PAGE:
Deal sealed on federal budget, ensuring no shutdown
WASHINGTON — President Donald Trump and congressional leaders announced Monday they had struck a critical debt and budget agreement. The deal amounts to an against-the-odds victory for Washington pragmatists seeking to avoid politically dangerous tumult over the possibility of a government shutdown or first-ever federal default.
The deal, announced by Trump on Twitter and in a statement by Democratic House Speaker Nancy Pelosi and Senate Democratic leader Chuck Schumer, will restore the government’s ability to borrow to pay its bills past next year’s elections and build upon recent large budget gains for both the Pentagon and domestic agencies.
“I am pleased to announce that a deal has been struck,” Trump tweeted, saying there will be no “poison pills” added to follow-up legislation. “This was a real compromise in order to give another big victory to our Great Military and Vets!”
The agreement is on a broad outline for $1.37 trillion in agency spending next year and slightly more in fiscal 2021. It would mean a win for lawmakers eager to return Washington to a more predictable path amid political turmoil and polarization, defense hawks determined to cement big military increases and Democrats seeking to protect domestic programs.
Pelosi and Schumer said the deal “will enhance our national security and invest in middle class priorities that advance the health, financial security and well-being of the American people.”
They claimed credit for winning more than $100 billion worth of spending increases for domestic priorities since Trump took office.
Nobody notched a big win, but both sides view it as better than a protracted battle this fall that probably wouldn’t end up much differently.
However, it also comes as budget deficits are rising to $1 trillion levels — requiring the government to borrow a quarter for every dollar the government spends — despite the thriving economy and three rounds of annual Trump budget proposals promising to crack down on the domestic programs that Pelosi is successfully defending now. It ignores warnings from deficit and debt scolds who say the nation’s fiscal future is unsustainable and will eventually drag down the economy.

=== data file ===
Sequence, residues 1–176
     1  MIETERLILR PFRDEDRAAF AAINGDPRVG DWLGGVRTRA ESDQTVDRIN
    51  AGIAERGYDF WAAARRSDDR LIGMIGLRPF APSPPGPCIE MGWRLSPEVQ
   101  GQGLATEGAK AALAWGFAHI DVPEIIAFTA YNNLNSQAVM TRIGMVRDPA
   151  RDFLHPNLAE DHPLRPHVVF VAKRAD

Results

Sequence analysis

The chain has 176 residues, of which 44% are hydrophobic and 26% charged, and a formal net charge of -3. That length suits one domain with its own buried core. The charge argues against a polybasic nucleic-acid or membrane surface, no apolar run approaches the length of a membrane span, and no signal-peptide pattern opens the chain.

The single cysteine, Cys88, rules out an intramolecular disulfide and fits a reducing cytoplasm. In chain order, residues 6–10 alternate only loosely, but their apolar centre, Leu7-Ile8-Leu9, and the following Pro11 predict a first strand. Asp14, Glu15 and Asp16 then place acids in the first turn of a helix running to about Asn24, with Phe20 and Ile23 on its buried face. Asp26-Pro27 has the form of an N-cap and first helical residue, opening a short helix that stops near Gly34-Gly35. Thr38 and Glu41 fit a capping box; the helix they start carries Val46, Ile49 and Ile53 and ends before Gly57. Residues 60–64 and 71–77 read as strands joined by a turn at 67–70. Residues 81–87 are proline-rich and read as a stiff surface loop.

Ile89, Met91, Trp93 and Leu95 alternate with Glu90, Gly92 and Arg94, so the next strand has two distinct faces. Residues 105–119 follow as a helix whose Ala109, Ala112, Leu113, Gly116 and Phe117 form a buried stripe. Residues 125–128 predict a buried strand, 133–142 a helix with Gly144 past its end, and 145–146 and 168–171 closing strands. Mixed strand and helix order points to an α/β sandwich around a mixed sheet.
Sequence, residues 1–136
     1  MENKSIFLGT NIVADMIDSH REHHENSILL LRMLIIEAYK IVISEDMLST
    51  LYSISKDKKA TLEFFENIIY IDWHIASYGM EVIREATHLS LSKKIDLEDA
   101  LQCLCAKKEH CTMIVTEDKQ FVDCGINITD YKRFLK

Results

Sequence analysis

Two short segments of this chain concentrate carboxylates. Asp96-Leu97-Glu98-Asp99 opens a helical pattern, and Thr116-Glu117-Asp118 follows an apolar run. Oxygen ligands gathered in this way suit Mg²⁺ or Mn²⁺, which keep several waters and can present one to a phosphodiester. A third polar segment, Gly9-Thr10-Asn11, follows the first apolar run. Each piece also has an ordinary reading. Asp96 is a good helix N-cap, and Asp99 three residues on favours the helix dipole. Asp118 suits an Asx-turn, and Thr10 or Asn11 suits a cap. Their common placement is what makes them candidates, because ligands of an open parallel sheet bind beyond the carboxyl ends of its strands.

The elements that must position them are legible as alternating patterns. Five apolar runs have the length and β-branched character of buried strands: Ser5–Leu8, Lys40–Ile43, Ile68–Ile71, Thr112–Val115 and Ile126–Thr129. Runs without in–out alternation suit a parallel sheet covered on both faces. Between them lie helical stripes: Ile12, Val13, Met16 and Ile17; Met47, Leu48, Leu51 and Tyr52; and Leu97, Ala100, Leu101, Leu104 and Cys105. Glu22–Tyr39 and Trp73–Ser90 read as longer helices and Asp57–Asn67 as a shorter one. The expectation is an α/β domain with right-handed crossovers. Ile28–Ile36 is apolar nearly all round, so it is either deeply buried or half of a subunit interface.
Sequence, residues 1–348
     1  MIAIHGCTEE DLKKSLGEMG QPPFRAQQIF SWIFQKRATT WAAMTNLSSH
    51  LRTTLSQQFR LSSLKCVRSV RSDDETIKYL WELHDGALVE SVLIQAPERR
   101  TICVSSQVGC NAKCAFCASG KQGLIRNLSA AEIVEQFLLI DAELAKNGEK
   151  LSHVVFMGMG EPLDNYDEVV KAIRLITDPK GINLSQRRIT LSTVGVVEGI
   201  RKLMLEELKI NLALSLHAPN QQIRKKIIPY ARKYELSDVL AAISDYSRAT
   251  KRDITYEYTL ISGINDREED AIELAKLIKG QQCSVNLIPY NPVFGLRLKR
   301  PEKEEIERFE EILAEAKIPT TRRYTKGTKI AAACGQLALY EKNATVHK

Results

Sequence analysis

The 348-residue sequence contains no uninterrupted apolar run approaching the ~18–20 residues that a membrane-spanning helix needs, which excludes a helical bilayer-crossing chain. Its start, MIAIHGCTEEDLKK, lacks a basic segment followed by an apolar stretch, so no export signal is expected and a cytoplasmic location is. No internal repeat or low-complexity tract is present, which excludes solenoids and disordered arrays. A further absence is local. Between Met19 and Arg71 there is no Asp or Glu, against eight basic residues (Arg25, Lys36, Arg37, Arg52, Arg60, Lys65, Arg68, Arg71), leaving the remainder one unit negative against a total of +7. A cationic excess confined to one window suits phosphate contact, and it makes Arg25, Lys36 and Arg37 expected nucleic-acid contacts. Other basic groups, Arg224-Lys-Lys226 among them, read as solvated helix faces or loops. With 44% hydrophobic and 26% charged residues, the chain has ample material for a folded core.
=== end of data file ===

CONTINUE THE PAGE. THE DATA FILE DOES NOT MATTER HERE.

“This agreement is a total abdication of fiscal responsibility by Congress and the president,” said Maya MacGuineas, president of the Committee for a Responsible Federal Budget, a Washington advocacy group. “It may end up being the worst budget agreement in our nation’s history, proposed at a time when our fiscal conditions are already precarious.”
A push by the White House and House GOP forces for new offsetting spending cuts was largely jettisoned, though Pelosi, D-Calif., gave assurances about not seeking to use the follow-up spending bills as vehicles for aggressively liberal policy initiatives.
Fights over Trump’s U.S.-Mexico border wall, other immigration-related issues and spending priorities will be rejoined on spending bills this fall that are likely to produce much the same result as current law. The House has passed most of its bills, using far higher levels for domestic spending. Senate measures will follow this fall, with levels reflecting the accord.
At issue are two separate but pressing items on Washington’s must-do agenda: increasing the debt limit to avert a first-ever default on U.S. payments and acting to set overall spending limits and prevent automatic spending cuts from hitting the Pentagon and domestic agencies in January.